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Frequently Asked Questions

What is a Schedule K-1 and how does it relate to LLC members?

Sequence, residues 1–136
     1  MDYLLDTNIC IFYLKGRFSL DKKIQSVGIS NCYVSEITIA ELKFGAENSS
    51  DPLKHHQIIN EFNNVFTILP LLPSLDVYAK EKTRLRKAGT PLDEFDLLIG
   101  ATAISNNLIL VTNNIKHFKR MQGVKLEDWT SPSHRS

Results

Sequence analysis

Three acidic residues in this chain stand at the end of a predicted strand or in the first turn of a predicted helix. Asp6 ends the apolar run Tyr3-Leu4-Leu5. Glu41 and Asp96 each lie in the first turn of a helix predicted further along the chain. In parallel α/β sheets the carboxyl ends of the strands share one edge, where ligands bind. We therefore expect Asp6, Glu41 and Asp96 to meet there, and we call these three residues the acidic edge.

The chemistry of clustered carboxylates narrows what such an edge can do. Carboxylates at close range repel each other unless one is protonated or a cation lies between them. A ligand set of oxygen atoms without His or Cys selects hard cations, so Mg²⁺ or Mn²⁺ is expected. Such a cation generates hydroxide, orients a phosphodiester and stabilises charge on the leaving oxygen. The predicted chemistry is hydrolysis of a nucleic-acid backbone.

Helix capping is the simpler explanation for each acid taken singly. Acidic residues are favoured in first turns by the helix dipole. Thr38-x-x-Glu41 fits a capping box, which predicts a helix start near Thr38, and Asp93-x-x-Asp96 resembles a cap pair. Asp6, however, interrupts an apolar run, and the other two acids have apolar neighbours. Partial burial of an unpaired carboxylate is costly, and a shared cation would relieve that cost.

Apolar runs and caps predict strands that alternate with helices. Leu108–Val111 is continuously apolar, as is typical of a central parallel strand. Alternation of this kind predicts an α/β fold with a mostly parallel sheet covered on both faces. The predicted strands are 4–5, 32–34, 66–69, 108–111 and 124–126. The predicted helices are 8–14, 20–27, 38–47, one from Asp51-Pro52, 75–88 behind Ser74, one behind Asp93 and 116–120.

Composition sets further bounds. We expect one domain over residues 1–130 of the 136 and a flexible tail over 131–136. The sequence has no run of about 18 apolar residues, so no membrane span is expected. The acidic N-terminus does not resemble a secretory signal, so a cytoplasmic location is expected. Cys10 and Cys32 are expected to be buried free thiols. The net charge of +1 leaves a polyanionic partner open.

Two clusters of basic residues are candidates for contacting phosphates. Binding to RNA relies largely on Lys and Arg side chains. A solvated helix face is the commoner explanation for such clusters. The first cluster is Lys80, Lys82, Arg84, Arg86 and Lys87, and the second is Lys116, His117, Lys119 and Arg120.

A Schedule K-1 is a tax document used by partnerships, S Corporations, estates, and trusts, to report the incomes, losses, and dividends of a business's partners or S Corporation's shareholders. In the context of Limited Liability Companies (LLCs), each member must receive a Schedule K-1, which itemizes profits and losses. This is because an LLC is considered a "pass-through entity", meaning the profits and losses are not paid by the business itself but are reported by individual members on their personal tax returns. Each member pays taxes based on their membership share of profits and losses, also known as distributive shares. These shares should be outlined in the LLC's operating agreement. Typically, profits are distributed based on the member's percentage interest in the business. However, a different structure, known as a special allocation, can be set up if desired. Regardless of the percentage division, members are required to pay taxes on the entire distributive share, even if the LLC didn't distribute the money.
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